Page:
by BRAD ROLLINS
In 1949, Celestino Mendez Jr. made it through a San Marcos school system he says was designed to make sure he and other Latinos dropped out.
After a stint in the Air Force during which he was assigned to the U.S. Strategic Air Command, Mendez returned to San Marcos to go to college, graduating in early 1957. He also set out to change the school system he says had ignored the 1954 Supreme Court edict to racially integrate public schools.
“They had separate white, black and Hispanic schools at the early grade levels. When you got to Hernandez, they did everything they could to push the Mexican kids out. I graduated anyway but alot of them didn’t,” Mendez said.
For the next decade, Mendez worked to achieve integrated and equal education in San Marcos first through the veterans issues group the American GI Forum then during two terms on the school board starting in 1963. Latinos were integrated first, in the early 60s, followed by the closing of the black Dunbar school in 1965.
“It was a time for change. At first, San Marcos was not ready for it but by everyone working together we got through it,” Mendez said.
In an election season centered around who is best to bring about change, Mendez’s resume appears made to order as he challenges Pct. 1 Commissioner Debbie Gonzales Ingalsbe for the Democratic Party nomination. Running for her fourth term, Ingalsbe is fending off charges that she is indecisive and weak especially in fighting for her generally poorer, majority-minority constituency. The bulk of precinct 1 lies east of Interstate 35 and encompasses large chunks of San Marcos and Kyle.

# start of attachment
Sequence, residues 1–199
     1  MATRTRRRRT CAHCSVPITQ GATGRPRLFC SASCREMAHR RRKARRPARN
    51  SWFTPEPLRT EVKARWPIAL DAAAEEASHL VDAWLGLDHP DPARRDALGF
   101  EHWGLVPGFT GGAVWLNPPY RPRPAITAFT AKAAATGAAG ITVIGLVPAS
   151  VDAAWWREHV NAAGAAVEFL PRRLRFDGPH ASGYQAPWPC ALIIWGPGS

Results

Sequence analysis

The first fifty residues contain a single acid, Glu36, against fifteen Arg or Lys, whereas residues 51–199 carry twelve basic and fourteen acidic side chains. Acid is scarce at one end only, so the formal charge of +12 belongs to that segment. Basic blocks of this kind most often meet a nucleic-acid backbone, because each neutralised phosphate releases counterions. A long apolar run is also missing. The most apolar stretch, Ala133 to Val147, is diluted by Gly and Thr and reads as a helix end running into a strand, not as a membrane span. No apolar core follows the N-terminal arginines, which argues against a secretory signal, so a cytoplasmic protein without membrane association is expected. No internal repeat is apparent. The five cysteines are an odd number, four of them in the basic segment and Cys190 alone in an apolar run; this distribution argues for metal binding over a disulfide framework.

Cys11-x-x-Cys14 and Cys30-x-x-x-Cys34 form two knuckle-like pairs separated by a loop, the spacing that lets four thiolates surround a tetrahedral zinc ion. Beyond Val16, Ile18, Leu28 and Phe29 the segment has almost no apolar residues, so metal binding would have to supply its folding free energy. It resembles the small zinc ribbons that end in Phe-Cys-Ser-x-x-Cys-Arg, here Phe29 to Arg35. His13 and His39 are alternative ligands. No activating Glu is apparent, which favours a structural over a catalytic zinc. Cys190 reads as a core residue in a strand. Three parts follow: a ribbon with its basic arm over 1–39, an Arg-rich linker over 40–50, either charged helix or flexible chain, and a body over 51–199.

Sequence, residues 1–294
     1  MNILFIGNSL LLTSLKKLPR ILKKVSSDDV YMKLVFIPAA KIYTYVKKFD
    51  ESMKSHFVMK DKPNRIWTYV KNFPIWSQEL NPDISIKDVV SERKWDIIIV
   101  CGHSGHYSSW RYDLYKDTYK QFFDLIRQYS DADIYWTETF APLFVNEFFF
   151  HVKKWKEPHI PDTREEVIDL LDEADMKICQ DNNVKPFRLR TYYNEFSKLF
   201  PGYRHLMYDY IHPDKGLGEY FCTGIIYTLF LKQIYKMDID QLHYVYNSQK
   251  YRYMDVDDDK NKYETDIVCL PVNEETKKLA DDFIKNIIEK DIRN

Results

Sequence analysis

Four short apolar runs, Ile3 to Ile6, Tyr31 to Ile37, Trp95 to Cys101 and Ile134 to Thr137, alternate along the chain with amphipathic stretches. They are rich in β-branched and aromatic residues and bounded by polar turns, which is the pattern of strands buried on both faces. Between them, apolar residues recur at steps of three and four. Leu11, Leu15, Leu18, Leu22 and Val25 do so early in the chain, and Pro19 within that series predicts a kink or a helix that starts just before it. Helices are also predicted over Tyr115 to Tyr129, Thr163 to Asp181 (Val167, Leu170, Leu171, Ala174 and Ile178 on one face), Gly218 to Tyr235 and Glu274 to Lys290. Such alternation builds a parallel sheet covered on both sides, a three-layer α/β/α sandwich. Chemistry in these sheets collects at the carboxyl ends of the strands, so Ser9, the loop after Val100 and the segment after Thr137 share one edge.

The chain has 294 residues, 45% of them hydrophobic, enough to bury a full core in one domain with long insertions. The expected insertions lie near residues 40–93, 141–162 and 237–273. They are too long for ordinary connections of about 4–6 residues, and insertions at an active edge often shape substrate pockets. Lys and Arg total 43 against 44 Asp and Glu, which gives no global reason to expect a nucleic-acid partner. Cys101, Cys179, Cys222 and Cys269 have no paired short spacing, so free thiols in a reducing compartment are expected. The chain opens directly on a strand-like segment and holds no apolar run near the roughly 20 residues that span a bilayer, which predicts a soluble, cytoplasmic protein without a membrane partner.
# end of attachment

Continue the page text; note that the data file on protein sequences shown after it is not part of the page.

The faceoff is drawing tortured lines in the city’s Latino community. Many of Ingalsbe’s and Mendez’s supporters are longtime allies on a range of issues split finally over the question of who is best fit to represent the precinct’s often-unheeded infrastructure and social service needs.
On the one hand, Ingalsbe is a scion of the city’s celebrated and infamous Gonzales family, whose patriarch, Rafael Gonzales, was at the center of a thriving patron system as the precinct’s commissioner before being sent to federal prison for tax evasion in 1990. On the other, Mendez, with similarly deep roots in the community, says Ingalsbe is a nice lady who has not been aggressive enough in a commissioners court often under the sway of western Hays County’s more affluent, more rural residents.
“I have nothing bad to say about Ms. Ingalsbe except that she has not been a leader,” Mendez said in an interview on Friday. Ingalsbe did not respond to an interview request for this article.Email | Print